The association of nonadherence against each baseline characteristic was analyzed using Chi-square tests and logistic regression (P < 0.05). Odds ratios (ORs) and 95% confidence intervals (CIs) were calculated using logistic regression for the association between depression, social support deficits, and nonadherence. The association between social support and nonadherence were reported before and after adjustment for depression to identify the mediating effect of depression. The association between depression and nonadherence were reported before and after adjustment for age, gender, marital status, and income which were chosen a priori as they might associate with depression or nonadherence and, therefore, confound the association.19


Of the 75 participants included in the study, 26 (34.7%) were male, 23 (30.7%) were married, 41 (54.7%) had completed at least high school, and 36 (48.0%) were working. The mean age was 46.8 ± 14.1 years in the adherence group and 42.2 ± 10.6 years in the nonadherence group. The baseline characteristics significantly associated with nonadherence were type of antipsychotic drugs, side effects, and satisfaction with treatment (Table 1).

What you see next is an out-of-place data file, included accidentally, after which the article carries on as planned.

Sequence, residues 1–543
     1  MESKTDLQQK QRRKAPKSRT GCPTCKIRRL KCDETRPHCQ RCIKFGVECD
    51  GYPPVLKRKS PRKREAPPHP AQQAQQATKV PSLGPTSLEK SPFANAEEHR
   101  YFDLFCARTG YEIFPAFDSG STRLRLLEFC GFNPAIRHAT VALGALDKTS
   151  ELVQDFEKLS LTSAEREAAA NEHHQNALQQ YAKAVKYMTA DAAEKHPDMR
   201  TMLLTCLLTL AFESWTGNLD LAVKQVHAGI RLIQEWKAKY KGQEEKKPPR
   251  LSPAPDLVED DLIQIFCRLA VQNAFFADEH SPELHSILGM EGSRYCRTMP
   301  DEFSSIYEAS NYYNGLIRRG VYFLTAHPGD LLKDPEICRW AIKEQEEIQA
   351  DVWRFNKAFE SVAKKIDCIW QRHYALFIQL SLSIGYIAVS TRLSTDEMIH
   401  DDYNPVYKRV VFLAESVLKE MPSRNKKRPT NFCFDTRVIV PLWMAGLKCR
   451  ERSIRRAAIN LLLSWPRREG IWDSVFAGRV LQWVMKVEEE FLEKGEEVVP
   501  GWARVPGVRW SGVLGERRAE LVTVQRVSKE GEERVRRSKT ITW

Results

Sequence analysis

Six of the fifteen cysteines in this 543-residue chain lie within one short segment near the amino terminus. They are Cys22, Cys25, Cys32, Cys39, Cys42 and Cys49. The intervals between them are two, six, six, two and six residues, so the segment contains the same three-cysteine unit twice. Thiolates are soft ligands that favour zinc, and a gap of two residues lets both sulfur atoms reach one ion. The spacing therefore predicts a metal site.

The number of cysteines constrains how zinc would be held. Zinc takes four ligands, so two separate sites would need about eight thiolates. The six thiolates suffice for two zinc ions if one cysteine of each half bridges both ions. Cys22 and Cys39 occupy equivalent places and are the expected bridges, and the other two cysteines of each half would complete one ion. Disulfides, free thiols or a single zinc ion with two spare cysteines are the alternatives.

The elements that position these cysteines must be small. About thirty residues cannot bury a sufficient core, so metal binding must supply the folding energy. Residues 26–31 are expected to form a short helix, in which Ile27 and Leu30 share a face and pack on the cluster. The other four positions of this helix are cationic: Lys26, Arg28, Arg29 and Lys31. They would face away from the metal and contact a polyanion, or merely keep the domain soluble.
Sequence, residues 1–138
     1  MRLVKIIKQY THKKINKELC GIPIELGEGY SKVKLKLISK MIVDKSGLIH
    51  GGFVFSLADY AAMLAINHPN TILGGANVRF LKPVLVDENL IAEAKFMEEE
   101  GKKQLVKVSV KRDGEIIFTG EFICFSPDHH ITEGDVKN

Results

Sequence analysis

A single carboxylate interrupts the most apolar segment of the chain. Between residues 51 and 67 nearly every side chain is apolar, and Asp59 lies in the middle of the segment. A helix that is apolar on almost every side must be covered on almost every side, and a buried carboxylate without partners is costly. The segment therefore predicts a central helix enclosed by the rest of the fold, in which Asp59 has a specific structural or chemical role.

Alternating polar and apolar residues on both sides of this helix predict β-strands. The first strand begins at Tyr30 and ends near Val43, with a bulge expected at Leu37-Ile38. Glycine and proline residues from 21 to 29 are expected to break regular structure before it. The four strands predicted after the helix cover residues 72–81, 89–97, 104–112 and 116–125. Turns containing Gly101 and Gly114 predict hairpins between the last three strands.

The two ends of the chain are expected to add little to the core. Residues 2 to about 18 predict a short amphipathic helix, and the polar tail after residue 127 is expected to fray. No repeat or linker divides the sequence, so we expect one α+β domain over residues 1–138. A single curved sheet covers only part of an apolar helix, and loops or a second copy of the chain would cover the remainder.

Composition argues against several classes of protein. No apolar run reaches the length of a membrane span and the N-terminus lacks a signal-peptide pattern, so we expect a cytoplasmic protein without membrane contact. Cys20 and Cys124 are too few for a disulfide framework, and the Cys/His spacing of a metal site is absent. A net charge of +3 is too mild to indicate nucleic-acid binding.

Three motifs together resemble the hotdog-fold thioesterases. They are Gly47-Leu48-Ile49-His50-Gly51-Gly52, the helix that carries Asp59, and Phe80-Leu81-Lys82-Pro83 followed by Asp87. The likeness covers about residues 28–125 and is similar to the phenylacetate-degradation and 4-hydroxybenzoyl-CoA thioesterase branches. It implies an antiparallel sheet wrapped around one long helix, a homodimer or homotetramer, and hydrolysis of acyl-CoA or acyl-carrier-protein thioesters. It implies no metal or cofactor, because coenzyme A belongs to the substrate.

Table 1
Baseline characteristics and nonadherence

The prevalence of nonadherence in the current study was 16.0%. Sixteen percent of the participants had major depressive episodes. Those with major depressive episodes were 9.5 times more likely to be nonadherent to antipsychotic drugs than those without depression before adjustment. The odds association was still significant after adjustment for age, gender, marital status, and income (Table 2).

Table 2
The association between depression and nonadherence